Home Finance Financial Planning for Millennials and Gen Z Setting Long Term Goals and Achieving Financial Independence

Financial Planning for Millennials and Gen Z Setting Long Term Goals and Achieving Financial Independence

Financial planning is the process of figuring out how much money you have, what your expenses are and where your future financial goals should be. For millennials and Gen Z, it can be particularly challenging.

Achieving financial independence means having enough savings and investments to live comfortably without working. It also means being debt-free.

1. Make a Budget

Financial planning can help you prioritize your spending, pay off debts and save. To do so, you need to create a budget.

Identify the non-negotiable expenses you need to meet like your rent or mortgage, bills and food. Then decide what’s expendable. This might include your shopping splurges, specialty lattes or gym membership.

It’s important to pay more than the minimum on your credit cards and other high-interest debt, as the sooner you eliminate those debt burdens, the more money you can put toward savings and investments. Make a savings plan and automate payments so that money is directed toward your goals right after each paycheck. Ensure that your emergency fund covers 3-6 months of expenses. This will give you peace of mind that you can cover unforeseen life events without going into debt.

2. Create a Savings Account

One of the first steps in financial planning is knowing exactly what you have coming in and going out. To make this easier, start by tracking your spending using a budgeting app or spreadsheet. Once you know how much you are spending, you can begin to cut expenses. For example, try to pack your lunch instead of buying it at the office, or brew your own coffee rather than going out for Starbucks.

Next, set aside money into savings and investments. You can do this by creating an automatic savings plan where a certain amount of money is deducted from your paycheck every month and deposited into savings or investment accounts. By starting this early, you can benefit from compounding interest. This will help you achieve your long term goals.

3. Pay Off Debt

As a new generation enters the workforce, it is faced with a unique set of financial challenges. With high rates of inflation, expensive college costs and an ever-rising mortgage rate, many Gen Zers are struggling to save money for emergencies and to pay off debt.

Getting in the habit of budgeting can help millennials keep track of their baseline costs and minimum loan payments. Then, subtract the baseline budget from their take-home income to find out how much discretionary income they have to spend on variable expenses and to pay off debt. A common strategy is to prioritize paying off debt with the highest interest rate, while still making the minimum payment on all other debts. This is known as the avalanche or snowball method.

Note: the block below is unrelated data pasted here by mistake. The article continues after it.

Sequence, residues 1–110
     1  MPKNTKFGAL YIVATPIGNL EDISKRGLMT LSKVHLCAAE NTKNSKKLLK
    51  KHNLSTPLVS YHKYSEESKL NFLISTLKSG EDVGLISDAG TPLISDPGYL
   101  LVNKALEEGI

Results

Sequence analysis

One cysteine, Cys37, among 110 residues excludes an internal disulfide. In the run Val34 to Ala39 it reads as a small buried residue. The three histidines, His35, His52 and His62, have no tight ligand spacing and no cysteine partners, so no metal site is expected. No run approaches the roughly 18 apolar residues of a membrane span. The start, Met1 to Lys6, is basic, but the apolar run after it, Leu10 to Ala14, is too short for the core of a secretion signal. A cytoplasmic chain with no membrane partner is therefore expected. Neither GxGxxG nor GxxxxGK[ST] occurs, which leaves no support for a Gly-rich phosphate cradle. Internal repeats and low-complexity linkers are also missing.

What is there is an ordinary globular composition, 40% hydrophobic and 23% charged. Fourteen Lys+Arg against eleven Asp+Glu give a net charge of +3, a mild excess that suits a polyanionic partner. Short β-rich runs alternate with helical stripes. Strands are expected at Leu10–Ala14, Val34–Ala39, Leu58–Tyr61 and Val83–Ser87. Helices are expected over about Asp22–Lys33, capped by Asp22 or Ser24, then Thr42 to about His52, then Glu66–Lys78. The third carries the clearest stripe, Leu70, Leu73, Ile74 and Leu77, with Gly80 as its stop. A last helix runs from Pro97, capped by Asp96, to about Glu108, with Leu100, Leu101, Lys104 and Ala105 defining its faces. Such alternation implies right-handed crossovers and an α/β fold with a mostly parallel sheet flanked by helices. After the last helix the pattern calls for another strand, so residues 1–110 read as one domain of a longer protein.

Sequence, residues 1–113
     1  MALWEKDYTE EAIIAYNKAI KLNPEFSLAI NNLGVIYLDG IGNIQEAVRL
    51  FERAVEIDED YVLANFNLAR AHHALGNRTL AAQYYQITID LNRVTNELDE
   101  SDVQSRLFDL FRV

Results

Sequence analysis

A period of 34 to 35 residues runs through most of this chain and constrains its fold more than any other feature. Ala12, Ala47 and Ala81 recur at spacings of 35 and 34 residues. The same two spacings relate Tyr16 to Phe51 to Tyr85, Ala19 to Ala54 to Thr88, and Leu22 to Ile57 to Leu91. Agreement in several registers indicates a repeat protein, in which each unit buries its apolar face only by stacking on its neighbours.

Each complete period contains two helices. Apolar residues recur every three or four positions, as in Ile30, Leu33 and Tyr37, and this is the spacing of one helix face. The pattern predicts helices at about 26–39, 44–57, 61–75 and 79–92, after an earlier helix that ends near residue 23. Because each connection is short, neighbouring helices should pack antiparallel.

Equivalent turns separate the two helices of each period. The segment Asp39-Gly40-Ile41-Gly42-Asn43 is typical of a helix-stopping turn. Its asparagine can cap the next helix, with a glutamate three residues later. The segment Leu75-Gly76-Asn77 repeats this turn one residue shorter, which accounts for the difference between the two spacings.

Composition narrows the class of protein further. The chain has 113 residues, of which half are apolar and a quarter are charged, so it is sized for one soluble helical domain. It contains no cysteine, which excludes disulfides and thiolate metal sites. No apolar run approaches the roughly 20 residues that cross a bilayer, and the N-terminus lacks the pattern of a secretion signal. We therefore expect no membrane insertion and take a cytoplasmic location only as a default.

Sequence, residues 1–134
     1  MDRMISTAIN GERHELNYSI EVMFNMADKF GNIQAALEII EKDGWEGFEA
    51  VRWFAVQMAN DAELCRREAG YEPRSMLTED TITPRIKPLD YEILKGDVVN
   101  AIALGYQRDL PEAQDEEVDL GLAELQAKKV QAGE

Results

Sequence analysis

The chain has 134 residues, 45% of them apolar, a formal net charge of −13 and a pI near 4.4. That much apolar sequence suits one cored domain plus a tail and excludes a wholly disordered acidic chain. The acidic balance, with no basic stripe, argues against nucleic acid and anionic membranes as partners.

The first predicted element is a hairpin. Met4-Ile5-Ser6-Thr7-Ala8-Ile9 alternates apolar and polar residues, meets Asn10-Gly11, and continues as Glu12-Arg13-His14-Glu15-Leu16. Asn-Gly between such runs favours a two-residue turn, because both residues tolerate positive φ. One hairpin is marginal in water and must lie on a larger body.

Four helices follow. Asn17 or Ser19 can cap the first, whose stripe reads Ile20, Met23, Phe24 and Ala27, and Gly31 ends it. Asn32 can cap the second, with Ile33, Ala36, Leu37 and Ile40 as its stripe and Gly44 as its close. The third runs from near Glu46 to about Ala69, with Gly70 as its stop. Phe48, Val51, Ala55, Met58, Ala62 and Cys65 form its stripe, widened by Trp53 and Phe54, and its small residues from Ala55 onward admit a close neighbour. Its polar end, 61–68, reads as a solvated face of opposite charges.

4. Create an Emergency Fund

Most financial experts recommend having three to six months of expenses saved in an emergency fund. This is money you can use if something unexpected comes up, like the loss of your job or a costly home repair.

Typically, an emergency fund should be a top priority after paying off debt. It’s important to save as much as possible in an account that offers easy access (like a savings or money market account) and is separate from other spending accounts.

Earmarking a percentage of each paycheck into your emergency fund is an effective way to build it over time. You may also want to look for ways to economize, such as carpooling to work or cutting back on streaming services you don’t use. Any windfalls, such as tax refunds or birthday and holiday money, should be earmarked for the emergency fund too.

5. Start Investing

The first step in financial planning is to create an accurate picture of your current financial situation. This includes assessing what’s coming in and going out, including any debt payments.

After creating a budget and paying off debt, you can start saving for the future. This will help you reach long term goals like retirement. Depending on your risk appetite, you may consider investing in stocks or real estate.

Set a goal to save at least 10%-15% of your income. This can be done through a savings account or a taxable brokerage account. As you get closer to your goal, increase the percentage with each paycheck. Also, consider automating your savings through direct deposit to grow your money. This will make it easier to stick with a plan.


Nataniel Snider

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